There are a many factors that go into how quickly a person feels some relief from anxiety once they start treatment. One of the most crucial factors, one that seems to go the furthest in facilitating reduction of distress, is PRACTICE--that is, being willing to work hard and do exposure exercises often. Maybe you've started therapy, you're understanding why avoiding anxiety doesn't work, and you're getting on board with this whole counter-intuitive concept of doing exposures. If you need a little encouragement to keep it up, read on.
REASONS TO BE COMMITTED TO PRACTICING EXPOSURES AS OFTEN AS POSSIBLE:
1. You are building new neural pathways. It takes so much repetition for your brain to catch up to your behavior and realize "oh hey, I don't actually need to be so afraid of my anxious sensations and thoughts."
The analogy I use most often is "the path in the woods." It is easy to walk down a well-trodden path that has already been created for you. To create a new path, you'd have to tromp through areas of ground cover, bushwhack obstacles like branches and vines, and then repeatedly tread the same path until it became clearer and more defined--more inviting each time.
Our brains are beautifully efficient. They will do what is easiest and most readily available as a course of action. If we've spent our whole lives avoiding the feeling of anxiety and anxiety-provoking situations, it is going to take some effort and repetition to create these new neural pathways and make them more natural, for learning to take place and become calcified in our very wiring.
2. Not practicing is essentially making the problem worse. The more you avoid and resist exposures, or take "breaks" in between (e.g., "I did one Sunday and it really took it out of me. That was enough. I'll do another on Thursday."), the more you are reinforcing the idea that your fears are real, anxiety is dangerous, and that you can't handle the discomfort of feeling anxious.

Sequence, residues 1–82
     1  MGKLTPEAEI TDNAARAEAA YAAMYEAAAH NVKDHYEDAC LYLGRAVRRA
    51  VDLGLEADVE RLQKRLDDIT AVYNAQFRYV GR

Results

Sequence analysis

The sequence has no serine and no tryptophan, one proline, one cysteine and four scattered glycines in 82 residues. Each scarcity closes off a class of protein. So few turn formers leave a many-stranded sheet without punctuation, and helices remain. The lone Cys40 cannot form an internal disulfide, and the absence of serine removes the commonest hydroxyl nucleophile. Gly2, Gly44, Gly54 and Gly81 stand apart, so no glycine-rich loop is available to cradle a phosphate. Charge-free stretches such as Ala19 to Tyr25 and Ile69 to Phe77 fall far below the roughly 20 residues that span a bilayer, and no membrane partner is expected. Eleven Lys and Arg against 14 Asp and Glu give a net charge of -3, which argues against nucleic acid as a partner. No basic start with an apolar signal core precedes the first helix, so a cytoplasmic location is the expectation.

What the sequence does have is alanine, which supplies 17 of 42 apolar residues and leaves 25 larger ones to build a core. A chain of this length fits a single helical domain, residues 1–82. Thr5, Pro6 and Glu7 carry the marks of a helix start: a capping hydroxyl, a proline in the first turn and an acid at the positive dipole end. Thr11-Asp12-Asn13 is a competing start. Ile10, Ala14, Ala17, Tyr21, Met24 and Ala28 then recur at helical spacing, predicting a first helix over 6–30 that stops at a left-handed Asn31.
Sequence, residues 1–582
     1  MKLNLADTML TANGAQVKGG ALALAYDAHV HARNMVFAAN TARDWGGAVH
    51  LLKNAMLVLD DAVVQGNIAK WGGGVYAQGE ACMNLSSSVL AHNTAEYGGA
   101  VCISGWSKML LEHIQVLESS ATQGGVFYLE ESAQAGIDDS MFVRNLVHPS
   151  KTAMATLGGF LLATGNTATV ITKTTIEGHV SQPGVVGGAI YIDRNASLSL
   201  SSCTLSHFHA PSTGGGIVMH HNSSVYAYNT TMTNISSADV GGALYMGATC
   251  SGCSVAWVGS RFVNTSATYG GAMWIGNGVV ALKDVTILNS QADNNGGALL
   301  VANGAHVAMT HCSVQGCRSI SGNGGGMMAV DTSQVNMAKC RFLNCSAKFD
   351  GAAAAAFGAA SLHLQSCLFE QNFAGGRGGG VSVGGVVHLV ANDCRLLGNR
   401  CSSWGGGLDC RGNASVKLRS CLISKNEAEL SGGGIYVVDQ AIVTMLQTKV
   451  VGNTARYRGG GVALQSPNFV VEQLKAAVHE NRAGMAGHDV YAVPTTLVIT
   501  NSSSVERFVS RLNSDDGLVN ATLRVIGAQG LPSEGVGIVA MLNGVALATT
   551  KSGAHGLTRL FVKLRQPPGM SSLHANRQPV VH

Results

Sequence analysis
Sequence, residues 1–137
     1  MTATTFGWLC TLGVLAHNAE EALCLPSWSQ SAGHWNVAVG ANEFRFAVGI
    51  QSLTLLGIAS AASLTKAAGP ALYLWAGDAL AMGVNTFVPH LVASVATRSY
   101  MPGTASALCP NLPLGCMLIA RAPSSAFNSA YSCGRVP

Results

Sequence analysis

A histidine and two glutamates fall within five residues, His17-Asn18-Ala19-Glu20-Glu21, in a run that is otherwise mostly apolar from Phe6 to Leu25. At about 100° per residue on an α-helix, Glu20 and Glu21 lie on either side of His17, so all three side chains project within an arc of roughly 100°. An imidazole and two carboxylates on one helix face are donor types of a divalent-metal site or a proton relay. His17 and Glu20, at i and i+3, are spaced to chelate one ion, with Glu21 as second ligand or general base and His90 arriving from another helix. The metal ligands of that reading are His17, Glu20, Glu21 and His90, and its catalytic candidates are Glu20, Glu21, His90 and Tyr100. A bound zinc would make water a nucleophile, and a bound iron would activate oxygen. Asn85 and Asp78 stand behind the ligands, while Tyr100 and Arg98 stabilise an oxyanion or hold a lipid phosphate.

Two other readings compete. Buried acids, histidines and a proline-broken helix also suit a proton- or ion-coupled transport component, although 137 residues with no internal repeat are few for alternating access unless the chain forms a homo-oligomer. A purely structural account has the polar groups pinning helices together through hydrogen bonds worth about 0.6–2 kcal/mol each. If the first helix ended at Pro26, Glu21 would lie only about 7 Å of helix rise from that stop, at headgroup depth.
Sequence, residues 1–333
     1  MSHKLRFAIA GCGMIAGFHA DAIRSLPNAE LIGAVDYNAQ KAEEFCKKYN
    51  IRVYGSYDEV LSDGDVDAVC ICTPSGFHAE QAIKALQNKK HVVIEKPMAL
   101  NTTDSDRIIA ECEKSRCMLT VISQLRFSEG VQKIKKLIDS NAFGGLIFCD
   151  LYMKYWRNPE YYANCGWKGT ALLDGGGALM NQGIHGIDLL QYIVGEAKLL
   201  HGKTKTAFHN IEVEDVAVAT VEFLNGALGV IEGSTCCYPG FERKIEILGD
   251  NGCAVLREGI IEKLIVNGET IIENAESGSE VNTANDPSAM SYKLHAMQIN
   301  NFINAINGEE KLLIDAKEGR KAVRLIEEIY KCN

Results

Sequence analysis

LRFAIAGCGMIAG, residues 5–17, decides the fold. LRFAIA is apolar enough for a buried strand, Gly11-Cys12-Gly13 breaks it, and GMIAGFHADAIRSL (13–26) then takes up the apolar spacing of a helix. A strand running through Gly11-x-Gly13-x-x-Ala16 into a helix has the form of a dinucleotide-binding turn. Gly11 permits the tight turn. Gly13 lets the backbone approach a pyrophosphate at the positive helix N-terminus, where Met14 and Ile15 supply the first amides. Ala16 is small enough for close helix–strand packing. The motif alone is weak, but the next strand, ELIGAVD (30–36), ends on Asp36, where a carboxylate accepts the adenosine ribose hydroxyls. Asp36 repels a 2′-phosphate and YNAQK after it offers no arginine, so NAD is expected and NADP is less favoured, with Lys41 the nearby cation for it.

3. Fear-learning is context-independent; safety-learning is context-dependent. What this means is that your brain's tendency to learn to be afraid of something, and associate a fear response with that thing, is far more trigger-happy than its inclination to learn to feel safe and relaxed. That fear response gets generalized and applied to a variety of situations, warranted or not, and is hard to unlearn. To learn that a certain sensation, thought, or situation is actually safe/tolerable/not dangerous is more challenging and requires exposure in a variety of situations.
For example, if you have a fear of stairwells, chances are that all stairwells produce anxiety. The one at work, the one at your kid's school, the one in the doctor's office, the one at the gym. Your anxiety response happens regardless of the specific stairwell. To learn that a stairwell you are facing is actually not dangerous, or more appropriately, that you can handle the uncertainty about its safety, as well as handle your anxious response in the moment, you would want to practice exposures in as many different stairwells as possible. You might start with the one at work, and after several exposures, start to feel more comfortable, but BOOM, now you're at the gym and that stairwell is still pretty frightening. That safety response you reached with the stairwell at work has to be learned in each new context in order to compete with the powerful fear response.
For more a more in-depth explanation of this concept, check out this OCD Stories podcast with Dr. Johathan Abramowitz (specifically around minute 40): http://theocdstories.com/podcast/dr-jonathan-abramowitz-getting-over-ocd/
4. You are not simply learning a new skill, you are shifting your mindset. I look forward to delving into this concept in future blog posts, but this is a biggie. While, yes, exposures are a "technique" or an "exercise," what they are really leading your towards is an expanded way of interacting with your anxiety. A way that puts you in charge and gives you a confident, secure way of thinking about anxiety that you can carry throughout your life.
You are adopting a new mindset, one that permeates various situations, not just discrete moments when you enter into an exposure zone.